"I'm on a low potassium, low phosphate diet, like most kidney patients on dialysis," he explained.

"I can't eat potatoes, any sauces, chocolate, fast food, chips, processed food, ice cream...

"I'm on a fluid restriction of 1,500mls a day, which I find the most difficult thing, because I used to drink seven or eight litres every day."

But it's not all bad and he allows himself the odd treat.

"The diet is restrictive and it's difficult but you get used to it," he said.

Although he admits that he desperately misses "pizza, cheese, Crunchy Nut Cornflakes and bananas".

He added: "Once every couple of weeks I'll have a matchbox of cheese or a ham and cheese toastie, which is one of the things I love most in the world."

Not only does he look physically well as a result of his strict regime, he also hasn't skipped a day of work due to sickness since he started working for the Beeb 20 years ago.

Prior to being poached by his current employer, the Queen's University politics graduate spent seven years at UTV.

"I haven't missed a day's work since the start of my dialysis and I haven't missed one day's work on the sick at the BBC since I joined in 1999," he said.

"It's quite a record - and that's having a transplant all that time. It's probably because my working day is not 9-5."

He added: "If I meet someone in the street they wouldn't actually know that I've got an issue going on and that makes me feel quite proud because I'm just determined to maintain as normal a life as I possibly can working around the dialysis."

Stephen said the programme he produced - Life On The List - which aired on BBC1 as part of the True North series on Monday, wasn't motivated by his own issues, nor did he consider including himself in it.

"It was to mark 50 years of the renal unit and I always wanted to do something to highlight organ donation," he said.

"Obviously, because I had a kidney transplant I have an interest in telling the story, but we started making the documentary before my own kidney showed signs of wear and tear.

"It was just a coincidence that I found out during the making of the programme that I went back on list."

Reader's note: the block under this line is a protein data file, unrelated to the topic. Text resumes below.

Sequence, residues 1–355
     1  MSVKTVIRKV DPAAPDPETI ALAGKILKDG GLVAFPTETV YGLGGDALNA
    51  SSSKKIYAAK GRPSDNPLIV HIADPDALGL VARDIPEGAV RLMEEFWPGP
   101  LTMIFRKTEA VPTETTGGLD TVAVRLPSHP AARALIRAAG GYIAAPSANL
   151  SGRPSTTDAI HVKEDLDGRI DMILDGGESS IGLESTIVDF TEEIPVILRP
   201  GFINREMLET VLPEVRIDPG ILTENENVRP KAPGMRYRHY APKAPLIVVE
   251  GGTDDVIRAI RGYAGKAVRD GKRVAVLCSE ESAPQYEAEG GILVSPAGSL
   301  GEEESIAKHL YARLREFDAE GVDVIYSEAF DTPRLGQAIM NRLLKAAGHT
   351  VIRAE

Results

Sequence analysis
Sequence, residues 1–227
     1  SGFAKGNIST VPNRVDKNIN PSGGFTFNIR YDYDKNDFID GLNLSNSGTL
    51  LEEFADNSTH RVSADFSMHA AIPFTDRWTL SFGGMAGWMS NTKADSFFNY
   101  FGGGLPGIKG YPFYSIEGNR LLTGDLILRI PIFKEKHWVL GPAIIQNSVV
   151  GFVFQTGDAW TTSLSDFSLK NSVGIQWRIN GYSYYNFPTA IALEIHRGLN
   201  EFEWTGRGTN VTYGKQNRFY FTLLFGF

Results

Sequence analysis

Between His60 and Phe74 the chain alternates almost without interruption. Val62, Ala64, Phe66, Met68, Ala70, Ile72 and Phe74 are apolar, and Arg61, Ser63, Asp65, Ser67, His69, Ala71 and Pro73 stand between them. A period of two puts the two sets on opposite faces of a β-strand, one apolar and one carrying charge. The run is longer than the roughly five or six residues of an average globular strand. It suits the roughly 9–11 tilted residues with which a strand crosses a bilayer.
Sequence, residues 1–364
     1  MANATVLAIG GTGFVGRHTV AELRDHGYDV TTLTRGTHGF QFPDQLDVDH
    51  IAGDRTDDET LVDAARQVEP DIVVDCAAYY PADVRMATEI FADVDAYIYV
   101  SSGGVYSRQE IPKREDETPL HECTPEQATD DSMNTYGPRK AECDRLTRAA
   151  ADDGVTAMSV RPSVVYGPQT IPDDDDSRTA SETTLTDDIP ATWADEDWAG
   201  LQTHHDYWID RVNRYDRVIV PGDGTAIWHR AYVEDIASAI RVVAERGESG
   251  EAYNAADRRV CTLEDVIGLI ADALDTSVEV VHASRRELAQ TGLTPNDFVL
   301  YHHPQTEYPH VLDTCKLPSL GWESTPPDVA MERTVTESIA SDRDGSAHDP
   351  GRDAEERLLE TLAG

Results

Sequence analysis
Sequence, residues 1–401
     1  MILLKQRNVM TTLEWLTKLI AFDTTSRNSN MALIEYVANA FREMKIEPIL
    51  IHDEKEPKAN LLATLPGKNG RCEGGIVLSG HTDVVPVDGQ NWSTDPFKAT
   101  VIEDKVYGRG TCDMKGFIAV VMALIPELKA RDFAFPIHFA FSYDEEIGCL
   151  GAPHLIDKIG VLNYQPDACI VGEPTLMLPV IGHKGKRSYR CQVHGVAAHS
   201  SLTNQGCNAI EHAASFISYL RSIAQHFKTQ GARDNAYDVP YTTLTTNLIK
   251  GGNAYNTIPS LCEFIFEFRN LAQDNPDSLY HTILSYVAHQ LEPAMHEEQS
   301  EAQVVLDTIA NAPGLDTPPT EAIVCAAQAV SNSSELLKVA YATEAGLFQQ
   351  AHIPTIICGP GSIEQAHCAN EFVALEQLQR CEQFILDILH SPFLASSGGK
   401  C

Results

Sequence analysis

Among the stories featured was that of former MLA Jo-Anne Dobson, who gave a kidney to her son Mark last March, with consultant transplant surgeon Tim Brown performing both procedures.

"If you're going to have kidney problem, Northern Ireland is the place to have it because Belfast City Hospital is a world leader in transplantation," Stephen added.

"The live donor programme means they've increased the number of transplants per year from 30 to over 120, and they have got more live donors per head of the population than anywhere else in the world.

"It's an incredible success story. I wanted to focus on the job the staff were doing and on the people who'd agreed to tell their pretty amazing stories in the programme."

While he waits patiently for a new organ, Stephen said "the distraction of work" keeps him going.

"I've always thrown myself into work. I enjoy my work. It's always been very important to me. I'm very passionate about sport and my job," he said.

So far it hasn't been difficult - or expensive - to arrange dialysis abroad, but he said Brexit could change all that, "which is a worry for dialysis patients".

"Under European legislation at the moment there's a reciprocal agreement between dialysis units in European countries that they will facilitate your dialysis and the costs incurred are soaked up by each trust," he explained.

"There is a small cost for having dialysis in America, but that's one of those things - probably $500 a session, depending on where you go. It could be $1,000 in New York or $300 somewhere less touristy."